1. Expert Q&A: Benefits - Weds 23 October, 3-4pm

    Our next expert Q&A will be on the topic of benefits. It will be hosted by Lauren from our Knowledge Services team. She'll be answering your questions on Wednesday 23 October between 3-4pm.

    You can either post your question >here< or email them to us at talkingpoint@alzheimers.org.uk and we'll be happy to ask them on your behalf.

  1. Liz57

    Liz57 Registered User

    Dec 22, 2013
    184
    I thought I understood what a Power of Attorney meant but now a post on another thread has confused me.

    I understood that registering a POA simply meant it was legal and could then be used when needed/necessary but the other thread implies that once I've registered it with the CoP, it effectively takes away Mum's power to do things for herself like sign cheques. Is that right?

    Mum is still able to do lots of things herself (wash, dress, feed herself etc.) but gets confused with things. I'm not at the stage of wanting to take away control of her finances but just be able to do things for her if she wishes such as set up standing orders or make online payments for her. I suspect there will come a time when she no longer can do things like sign cheques herself but we're not there yet and she'd hate it if I even suggested she can't sign the grandchildren's birthday cheques herself!

    Have I got this wrong?
     
  2. Cloverland

    Cloverland Registered User

    Jun 9, 2014
    244
    Please read the link to the direct.gov web site regarding POA's. this is accurate information.

    https://www.gov.uk/power-of-attorney/overview

    Meanwhile, my parents registered POA's with myself and brother as attorneys. I had the official document which has to be registered with Office of the Pulic Guardian (OPG). Then it is up to the attorneys to register the POA with the relevant bank before anything happens regarding the donors bank access.

    Depending on the bank and type of POA will depend on access to the bank account. We had joint and severally and I was the first named attorney.

    In short unless registered with the bank your mum still has full control of her account, once you register with bank you will be asked at what level you require access as an add on to mums account or if she lacks mental capacity full control.

    Hope this helps, but set up does depend on individual banks policy.
     
  3. mrjelly

    mrjelly Registered User

    Jul 23, 2012
    317
    West Sussex
    #3 mrjelly, Feb 10, 2015
    Last edited: Feb 10, 2015
    When I registered the LPA with Dad's bank, there was a box to tick to say whether or not Dad had capacity to manage his finances. I said, it probably depended on how complicated the matter in question was. As Dad was happy to take my advice and did not risk his money by irrational actions, the bank were quite happy to leave him with the same powers over his account as before. They didn't even change anything on his statements or cheque book, and I just had to write POA after my signature if I was writing a cheque on his behalf.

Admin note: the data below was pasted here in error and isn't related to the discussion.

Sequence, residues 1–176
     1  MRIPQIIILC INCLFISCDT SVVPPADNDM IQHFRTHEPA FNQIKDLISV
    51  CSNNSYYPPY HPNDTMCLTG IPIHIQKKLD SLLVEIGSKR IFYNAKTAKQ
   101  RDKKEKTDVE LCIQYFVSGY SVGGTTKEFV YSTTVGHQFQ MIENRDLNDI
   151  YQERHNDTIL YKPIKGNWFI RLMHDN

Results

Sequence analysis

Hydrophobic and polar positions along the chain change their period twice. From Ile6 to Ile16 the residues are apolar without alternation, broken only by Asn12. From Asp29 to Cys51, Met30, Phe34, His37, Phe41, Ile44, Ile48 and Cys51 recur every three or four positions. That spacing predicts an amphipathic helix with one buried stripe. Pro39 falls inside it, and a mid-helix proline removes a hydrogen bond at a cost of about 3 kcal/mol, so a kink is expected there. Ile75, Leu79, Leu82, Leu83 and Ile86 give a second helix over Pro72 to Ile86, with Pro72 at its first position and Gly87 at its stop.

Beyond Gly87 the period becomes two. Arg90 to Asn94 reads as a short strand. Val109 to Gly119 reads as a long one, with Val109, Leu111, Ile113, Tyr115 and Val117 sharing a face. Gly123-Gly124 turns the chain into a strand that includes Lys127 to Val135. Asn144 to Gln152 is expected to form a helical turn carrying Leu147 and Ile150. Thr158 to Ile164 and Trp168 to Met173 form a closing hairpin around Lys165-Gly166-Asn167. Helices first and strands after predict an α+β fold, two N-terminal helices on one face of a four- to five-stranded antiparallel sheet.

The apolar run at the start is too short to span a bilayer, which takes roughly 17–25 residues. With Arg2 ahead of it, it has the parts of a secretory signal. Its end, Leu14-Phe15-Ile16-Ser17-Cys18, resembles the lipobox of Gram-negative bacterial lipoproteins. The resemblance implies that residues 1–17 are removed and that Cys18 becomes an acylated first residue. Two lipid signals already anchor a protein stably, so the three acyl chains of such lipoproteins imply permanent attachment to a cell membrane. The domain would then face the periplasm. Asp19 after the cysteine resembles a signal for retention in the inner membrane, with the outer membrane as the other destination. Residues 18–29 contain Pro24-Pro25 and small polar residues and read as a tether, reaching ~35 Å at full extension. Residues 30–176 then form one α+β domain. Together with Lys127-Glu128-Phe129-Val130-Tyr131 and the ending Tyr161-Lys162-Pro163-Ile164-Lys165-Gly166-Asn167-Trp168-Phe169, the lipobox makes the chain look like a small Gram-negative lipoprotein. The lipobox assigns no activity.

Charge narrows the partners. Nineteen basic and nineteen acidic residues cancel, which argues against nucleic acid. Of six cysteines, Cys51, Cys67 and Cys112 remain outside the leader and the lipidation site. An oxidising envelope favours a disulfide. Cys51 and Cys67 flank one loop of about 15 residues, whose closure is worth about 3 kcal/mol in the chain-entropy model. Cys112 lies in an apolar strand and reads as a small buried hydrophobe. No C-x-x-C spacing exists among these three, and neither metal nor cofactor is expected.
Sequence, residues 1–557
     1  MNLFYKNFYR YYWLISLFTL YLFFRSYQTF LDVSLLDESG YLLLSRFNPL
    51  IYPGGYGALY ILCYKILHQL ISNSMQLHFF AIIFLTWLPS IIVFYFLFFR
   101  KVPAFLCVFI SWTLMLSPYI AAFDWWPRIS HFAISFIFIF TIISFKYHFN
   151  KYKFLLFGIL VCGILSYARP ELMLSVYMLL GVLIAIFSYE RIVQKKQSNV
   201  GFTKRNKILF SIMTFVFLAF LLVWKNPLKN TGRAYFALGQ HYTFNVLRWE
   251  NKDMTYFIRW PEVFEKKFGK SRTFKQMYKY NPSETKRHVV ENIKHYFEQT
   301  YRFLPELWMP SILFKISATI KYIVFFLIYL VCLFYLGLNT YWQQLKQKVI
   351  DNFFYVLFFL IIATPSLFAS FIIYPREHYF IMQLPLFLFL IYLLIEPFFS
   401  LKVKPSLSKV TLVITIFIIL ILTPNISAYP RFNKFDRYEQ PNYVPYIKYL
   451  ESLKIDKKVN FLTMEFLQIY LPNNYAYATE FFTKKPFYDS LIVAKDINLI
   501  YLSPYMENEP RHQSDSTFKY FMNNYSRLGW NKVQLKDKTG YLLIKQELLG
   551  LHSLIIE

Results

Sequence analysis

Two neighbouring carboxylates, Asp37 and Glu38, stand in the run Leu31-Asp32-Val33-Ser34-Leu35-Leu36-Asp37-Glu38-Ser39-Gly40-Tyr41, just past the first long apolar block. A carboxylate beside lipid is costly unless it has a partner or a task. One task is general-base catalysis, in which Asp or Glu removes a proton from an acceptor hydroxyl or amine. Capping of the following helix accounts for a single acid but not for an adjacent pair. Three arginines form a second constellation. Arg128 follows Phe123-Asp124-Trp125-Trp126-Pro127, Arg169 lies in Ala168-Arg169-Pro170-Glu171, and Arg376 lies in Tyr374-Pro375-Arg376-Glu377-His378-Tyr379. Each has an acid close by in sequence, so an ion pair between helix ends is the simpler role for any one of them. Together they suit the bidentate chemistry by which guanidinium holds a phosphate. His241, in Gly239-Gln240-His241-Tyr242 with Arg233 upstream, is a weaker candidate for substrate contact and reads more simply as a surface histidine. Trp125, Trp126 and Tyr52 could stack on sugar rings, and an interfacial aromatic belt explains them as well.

For a year a two I was filling in cheque details and giving them to him to sign off, including any birthday or Xmas gifts. Eventually he lost interest completely and I signed everything. I think you should be able to manage things the way you want to and keep your Mum happy.
     
  4. sue38

    sue38 Registered User

    Mar 6, 2007
    10,856
    Wigan, Lancs
    Liz, it will depend on the type of Power of Attorney.

    The old style Enduring Power of Attorney (EPA) can be used without registering it with the Office of the Public Guardian (OPG), but once the donor lacks capacity it must be registered with the OPG at which point the donor will no longer be allowed to manage their financial affairs, sign cheques etc.

    A Lasting Power of Attorney cannot be used unless it has been registered with the OPG, and registering it has no effect on whether the donor can continue to manage their affairs.

    This guidance on managing bank accounts for 3rd parties may help.
     
  5. sinkhole

    sinkhole Registered User

    Jan 28, 2015
    269
    The access granted also varies between financial institutions . Read all the small print you mum's bank/building society etc. has about POA so you know up front what you and she will be able to do once you register the LPA with them.
     
  6. Grey Lad

    Grey Lad Registered User

    Sep 12, 2014
    5,737
    North East Lincs
    Thanks to all who have posted on this Thread. I am about to sort out L P A and the information on this Thread has been really helpful. :):)
     
  7. snowygirl

    snowygirl Registered User

    Jan 9, 2014
    151
    Only if you sign a form to say that your loved one has lost capacity will the bank not allow them access to their accounts but you may be able to set up a basic account for them. You can have LPA and still manage the finances alongside your mum if your happy that her mental capacity remains. She will then still be able to sign cheques etc. Our bank asked us how we wanted to proceed and which form we wanted to sign for mum and dad mental capacity or non mental capacity.
     
  8. Liz57

    Liz57 Registered User

    Dec 22, 2013
    184
    Ok, thanks fo rthis. I was panicking for a moment that I'd done the wrong thing!
     

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